To the editor: A town trusts its Planning Board to ensure that land decisions are made in the best interest of the town.

Here in Becket, that doesn't appear to be the case. There is a proposed tier 11 marijuana establishment to be sited opposite the Becket Historic Quarry ("Large-scale cannabis project mounts a second try to win special permit in Becket," Eagle, Nov. 8), which has long attracted visitors of all ages, including many families and school groups. During the years it was managed by the Becket Land Trust, educational programming has been a consistent initiative, and in 2020 the quarry hosted more than 14,000 visitors. The quarry is a designated Wildlife and Forest Management Area, which is dedicated to the preservation of not only the forest canopy, but also to endangered animal species, such as the New England cottontail.

It contains a historic quarry museum, miles of family-friendly nature trails and other outdoor recreation areas. It is regularly visited by school groups and is commonly used by young people as an outdoors hiking venue. It is visited by families from the local area as well as from around the world.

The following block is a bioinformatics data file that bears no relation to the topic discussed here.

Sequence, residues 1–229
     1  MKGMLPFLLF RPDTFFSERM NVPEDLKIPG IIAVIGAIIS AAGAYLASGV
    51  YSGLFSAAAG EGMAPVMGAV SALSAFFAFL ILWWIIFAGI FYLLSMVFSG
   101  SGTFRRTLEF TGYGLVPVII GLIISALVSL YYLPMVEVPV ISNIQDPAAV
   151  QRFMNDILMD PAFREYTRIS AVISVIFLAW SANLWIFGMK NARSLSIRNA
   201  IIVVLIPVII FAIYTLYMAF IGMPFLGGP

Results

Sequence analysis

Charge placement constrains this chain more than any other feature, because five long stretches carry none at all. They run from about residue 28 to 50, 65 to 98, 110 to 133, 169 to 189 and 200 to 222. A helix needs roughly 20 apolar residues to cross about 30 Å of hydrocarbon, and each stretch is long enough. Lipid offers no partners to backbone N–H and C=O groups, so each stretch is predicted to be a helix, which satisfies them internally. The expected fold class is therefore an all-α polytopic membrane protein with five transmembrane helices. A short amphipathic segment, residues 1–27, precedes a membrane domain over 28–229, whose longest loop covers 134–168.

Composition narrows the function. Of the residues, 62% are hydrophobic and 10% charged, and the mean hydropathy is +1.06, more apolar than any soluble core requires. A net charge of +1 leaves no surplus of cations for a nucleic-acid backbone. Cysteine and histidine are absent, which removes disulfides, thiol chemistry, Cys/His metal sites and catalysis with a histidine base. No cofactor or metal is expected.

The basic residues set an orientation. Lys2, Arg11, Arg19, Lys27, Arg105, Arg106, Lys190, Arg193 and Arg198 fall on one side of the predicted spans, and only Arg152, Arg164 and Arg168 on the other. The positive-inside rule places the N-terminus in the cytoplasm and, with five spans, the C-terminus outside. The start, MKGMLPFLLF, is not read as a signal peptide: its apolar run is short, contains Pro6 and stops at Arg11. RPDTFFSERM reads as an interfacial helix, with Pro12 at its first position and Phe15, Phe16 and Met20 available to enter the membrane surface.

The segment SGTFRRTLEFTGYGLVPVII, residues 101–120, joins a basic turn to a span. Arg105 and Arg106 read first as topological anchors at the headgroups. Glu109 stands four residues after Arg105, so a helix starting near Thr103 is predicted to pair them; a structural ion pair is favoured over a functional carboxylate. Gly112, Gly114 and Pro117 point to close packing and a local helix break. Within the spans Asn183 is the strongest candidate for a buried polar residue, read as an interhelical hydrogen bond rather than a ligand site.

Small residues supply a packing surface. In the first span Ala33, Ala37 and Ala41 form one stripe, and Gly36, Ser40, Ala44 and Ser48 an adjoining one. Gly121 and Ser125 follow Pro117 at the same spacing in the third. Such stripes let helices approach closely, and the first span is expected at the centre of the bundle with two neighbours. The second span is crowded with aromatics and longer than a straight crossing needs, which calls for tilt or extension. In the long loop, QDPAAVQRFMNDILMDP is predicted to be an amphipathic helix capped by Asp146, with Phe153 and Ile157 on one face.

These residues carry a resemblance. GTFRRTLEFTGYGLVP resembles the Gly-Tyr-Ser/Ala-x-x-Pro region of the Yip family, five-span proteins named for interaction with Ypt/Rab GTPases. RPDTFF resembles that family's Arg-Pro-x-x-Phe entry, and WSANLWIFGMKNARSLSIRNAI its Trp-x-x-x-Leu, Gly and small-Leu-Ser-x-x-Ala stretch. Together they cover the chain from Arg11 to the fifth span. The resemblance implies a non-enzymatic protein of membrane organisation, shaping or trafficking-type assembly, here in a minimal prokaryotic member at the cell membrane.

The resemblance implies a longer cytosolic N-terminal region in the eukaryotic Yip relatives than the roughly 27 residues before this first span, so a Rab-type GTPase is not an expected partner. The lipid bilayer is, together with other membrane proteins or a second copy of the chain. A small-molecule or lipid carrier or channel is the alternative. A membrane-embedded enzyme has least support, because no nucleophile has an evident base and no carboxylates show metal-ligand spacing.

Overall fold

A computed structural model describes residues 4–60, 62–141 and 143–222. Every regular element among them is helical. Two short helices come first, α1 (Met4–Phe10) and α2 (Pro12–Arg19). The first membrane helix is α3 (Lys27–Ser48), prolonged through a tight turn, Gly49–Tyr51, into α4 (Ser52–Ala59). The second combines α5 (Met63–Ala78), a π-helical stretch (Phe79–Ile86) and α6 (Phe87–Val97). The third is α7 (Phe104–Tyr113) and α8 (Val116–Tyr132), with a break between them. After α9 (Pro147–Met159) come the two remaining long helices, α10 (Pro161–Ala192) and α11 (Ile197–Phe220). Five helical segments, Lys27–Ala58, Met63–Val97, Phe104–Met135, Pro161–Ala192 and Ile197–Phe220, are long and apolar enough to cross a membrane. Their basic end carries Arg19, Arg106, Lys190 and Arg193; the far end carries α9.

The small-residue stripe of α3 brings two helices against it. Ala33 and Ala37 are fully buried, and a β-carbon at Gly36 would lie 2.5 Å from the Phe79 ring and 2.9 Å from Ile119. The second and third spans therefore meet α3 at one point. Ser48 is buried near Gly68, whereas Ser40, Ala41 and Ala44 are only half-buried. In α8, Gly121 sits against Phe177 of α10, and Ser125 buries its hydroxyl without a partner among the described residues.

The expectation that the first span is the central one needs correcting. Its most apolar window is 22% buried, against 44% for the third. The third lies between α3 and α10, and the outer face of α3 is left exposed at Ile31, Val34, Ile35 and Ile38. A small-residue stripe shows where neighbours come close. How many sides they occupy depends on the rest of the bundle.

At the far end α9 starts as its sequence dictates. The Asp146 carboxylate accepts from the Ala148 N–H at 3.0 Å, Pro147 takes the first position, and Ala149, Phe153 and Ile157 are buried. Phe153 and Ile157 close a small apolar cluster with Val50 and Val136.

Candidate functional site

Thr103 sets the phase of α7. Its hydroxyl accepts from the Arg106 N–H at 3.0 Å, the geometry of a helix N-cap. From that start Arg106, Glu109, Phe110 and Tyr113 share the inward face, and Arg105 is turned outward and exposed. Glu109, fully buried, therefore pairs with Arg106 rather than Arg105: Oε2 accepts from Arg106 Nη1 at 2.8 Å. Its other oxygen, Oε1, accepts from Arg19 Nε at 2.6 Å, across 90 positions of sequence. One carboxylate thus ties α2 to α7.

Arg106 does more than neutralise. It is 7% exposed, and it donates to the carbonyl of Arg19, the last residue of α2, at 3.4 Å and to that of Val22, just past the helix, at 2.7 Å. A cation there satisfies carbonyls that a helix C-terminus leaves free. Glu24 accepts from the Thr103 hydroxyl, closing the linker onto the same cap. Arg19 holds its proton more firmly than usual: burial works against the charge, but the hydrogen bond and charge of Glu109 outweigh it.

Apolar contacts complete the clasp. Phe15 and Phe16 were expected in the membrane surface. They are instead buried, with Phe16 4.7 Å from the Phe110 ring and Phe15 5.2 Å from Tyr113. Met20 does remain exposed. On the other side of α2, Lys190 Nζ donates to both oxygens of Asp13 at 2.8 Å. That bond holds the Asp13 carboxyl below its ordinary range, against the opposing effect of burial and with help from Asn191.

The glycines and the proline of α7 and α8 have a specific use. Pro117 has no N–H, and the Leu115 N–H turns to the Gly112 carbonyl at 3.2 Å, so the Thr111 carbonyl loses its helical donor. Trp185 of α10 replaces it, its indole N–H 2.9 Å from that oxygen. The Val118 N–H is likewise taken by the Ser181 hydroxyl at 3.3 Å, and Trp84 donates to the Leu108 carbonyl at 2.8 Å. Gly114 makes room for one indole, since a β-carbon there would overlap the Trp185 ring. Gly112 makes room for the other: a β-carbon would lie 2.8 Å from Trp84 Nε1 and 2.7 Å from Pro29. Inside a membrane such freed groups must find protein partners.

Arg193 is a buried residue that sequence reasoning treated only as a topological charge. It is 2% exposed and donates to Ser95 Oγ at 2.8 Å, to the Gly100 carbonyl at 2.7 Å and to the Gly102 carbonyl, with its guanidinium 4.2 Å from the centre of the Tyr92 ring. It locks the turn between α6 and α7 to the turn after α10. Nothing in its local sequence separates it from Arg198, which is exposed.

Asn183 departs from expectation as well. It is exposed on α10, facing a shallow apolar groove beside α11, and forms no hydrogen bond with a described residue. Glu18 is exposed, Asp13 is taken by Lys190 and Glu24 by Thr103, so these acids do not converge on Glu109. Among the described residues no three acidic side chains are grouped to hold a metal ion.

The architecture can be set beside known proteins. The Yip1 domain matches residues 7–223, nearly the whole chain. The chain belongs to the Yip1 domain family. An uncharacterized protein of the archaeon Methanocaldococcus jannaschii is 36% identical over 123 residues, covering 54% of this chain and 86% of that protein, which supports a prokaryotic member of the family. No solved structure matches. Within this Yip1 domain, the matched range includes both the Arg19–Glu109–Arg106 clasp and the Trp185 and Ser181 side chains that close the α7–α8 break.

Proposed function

Given the number of schoolchildren who regularly visit this unique Becket resource, it is inexplicable why the town would ignore its own zoning ordinances prohibiting any marijuana facility within 500 feet of any "public playground" or "similar facility where organized youth activities occur." See Becket Zoning Bylaws, Section 6.8.3. The 500-foot limitation is measured by reference to the "nearest property lines of each use." The property line of the Becket Historic Quarry is directly opposite on Quarry Road from the Parcel A identified in the application as the site for the marijuana facility. The property line between the proposed facility and the quarry is less than 50 feet.

To most observers, it seems obvious that this application for the largest indoor and outdoor marijuana cultivation facility allowable under Massachusetts regulations should be denied. Its location is incompatible with the local ordinances governing the location of marijuana facilities and it is inconsistent with the character of this nature preserve to site a commercial marijuana facility across the street.

Michele Cohen, Becket